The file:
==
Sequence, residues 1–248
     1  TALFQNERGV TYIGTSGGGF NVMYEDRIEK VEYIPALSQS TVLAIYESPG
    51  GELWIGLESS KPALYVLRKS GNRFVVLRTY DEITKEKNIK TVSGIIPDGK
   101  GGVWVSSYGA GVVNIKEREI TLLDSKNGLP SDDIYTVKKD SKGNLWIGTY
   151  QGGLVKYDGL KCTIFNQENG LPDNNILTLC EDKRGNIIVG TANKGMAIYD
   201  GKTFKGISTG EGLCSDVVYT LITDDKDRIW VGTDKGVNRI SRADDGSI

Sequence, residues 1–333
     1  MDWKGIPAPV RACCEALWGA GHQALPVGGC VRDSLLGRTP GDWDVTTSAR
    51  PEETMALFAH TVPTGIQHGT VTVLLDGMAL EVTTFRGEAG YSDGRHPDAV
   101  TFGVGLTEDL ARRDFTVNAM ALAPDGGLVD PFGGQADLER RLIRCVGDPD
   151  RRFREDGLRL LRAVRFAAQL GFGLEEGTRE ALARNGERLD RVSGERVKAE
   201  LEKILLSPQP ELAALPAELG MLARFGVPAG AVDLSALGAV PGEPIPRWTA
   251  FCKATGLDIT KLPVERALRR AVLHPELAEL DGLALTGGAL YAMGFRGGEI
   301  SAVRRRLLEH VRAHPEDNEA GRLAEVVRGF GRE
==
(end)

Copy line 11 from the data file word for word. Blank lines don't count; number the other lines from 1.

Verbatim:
   151  RRFREDGLRL LRAVRFAAQL GFGLEEGTRE ALARNGERLD RVSGERVKAE